Herself opted for 3 Fonteinen Oude Kriekenlambik which was flat again but tasted much better. Rather than sweet cherries it pulls out the essence of the fruit, creating a finely spiced perfume, seasoned with what I assume is the oak but ends up tasting of exotic sandalwood. Utterly luxurious and one of the finest expressions of kriek I've met. Another mood swing bringing happy thoughts about 3 Fonteinen before we left.

There was one more brewery on the day's itinerary but I'll pick that up in tomorrow's post. In the meantime, to comply with all relevant laws governing blog posts about lambic breweries, here's a photo of some giant foeders, at Boon:


  1. There must have been another batch of the Speling Van Het Lot I: Nocturne on by the time Bus 10 made it to 3 Fonteinen. Mine was an almost perfect blend of dark roasty malts, bitter chocolate, sour cherry and lambic funk, and might just edge out the Zwanze and Zwet.be if I could trust that my excitement at the day hasn't coloured my ratings. I really wished that I'd had a glass of it (or an Otterbank) earlier in the day to hand to the guide in Tilquin who was pondering the nature of stout while rhapsodising Rullquin^2.

    1. Or it could be that you liked a beer I didn't like. Not for the first time, I'm sure.

    2. I've seen a tease of some Speling Van Het cork cages, so hopefully we'll get a chance to try them from bottles soon. The Lot 2: Robijn that followed was a cherry wine spectacular.

    3. And I doubt it would be the last time. (But, that said, my glass was livelier looking than your photo, and soy and cardboard aren't listed on my forgivable flaws card!)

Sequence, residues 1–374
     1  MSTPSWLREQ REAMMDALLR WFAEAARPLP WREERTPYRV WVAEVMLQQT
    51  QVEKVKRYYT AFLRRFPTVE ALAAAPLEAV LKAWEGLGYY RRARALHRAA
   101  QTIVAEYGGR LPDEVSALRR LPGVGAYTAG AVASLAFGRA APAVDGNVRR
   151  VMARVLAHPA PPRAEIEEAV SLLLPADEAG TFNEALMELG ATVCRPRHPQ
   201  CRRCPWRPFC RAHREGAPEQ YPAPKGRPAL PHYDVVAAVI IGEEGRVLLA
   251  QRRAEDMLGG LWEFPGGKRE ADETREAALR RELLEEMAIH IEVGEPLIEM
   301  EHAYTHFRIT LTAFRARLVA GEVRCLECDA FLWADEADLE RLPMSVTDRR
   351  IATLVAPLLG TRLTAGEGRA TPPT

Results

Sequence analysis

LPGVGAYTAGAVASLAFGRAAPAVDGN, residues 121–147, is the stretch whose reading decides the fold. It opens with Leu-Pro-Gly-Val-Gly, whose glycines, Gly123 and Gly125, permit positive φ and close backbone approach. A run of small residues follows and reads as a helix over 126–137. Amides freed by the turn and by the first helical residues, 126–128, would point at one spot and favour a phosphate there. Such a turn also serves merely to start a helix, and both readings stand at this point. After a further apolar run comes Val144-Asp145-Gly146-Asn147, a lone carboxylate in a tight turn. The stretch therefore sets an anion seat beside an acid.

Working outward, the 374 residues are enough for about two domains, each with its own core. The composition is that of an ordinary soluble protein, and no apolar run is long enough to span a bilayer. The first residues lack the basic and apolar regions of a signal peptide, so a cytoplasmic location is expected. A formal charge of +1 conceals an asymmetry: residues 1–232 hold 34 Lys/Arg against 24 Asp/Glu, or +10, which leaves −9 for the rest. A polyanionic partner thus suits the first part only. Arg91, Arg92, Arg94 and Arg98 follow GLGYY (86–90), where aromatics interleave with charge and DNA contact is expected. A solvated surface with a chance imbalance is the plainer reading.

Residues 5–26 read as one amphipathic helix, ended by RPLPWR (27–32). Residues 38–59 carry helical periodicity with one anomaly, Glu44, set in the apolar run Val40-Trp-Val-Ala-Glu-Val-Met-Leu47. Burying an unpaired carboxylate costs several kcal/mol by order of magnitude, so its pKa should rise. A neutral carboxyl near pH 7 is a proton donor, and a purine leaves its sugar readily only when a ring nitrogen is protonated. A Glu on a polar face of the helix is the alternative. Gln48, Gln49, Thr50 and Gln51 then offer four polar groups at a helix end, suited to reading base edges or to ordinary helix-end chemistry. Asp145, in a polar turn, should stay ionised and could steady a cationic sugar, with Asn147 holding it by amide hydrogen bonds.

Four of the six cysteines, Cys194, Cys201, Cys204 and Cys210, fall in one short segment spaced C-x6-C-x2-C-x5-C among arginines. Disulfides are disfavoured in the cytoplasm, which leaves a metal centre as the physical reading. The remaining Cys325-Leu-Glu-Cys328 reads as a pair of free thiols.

2. Yeah, we didn't really get on with the 3 Fonteinen event, despite obviously having massive respect for them as brewers and blenders. The queues and the trips back-and-forth for more tokens and the unavailable beers and the fact that everything was a bit pricey meant that we never really relaxed and started enjoying ourselves. Oud Beersel and Boon (we were only out for the Saturday, pottering around by public transport) were a lot more fun.

    1. I could have stayed a lot longer in both of those too. And also in De Cam, but that's for tomorrow.

    2. We actually stuck around Boon until about 10pm, it was amazing fun. Basically a village hall disco, with a cheesy Flemish wedding-singer type band[1], grannies in a conga line, the whole shebang. Plus, y'know, a few beers.

      [1] https://www.youtube.com/watch?v=ZR5cwC6w7mo

  3. Anonymous9:30 am

    I believe the draught in tilquin was the assemblage, at least that's what we were told. The meerts comes from Boon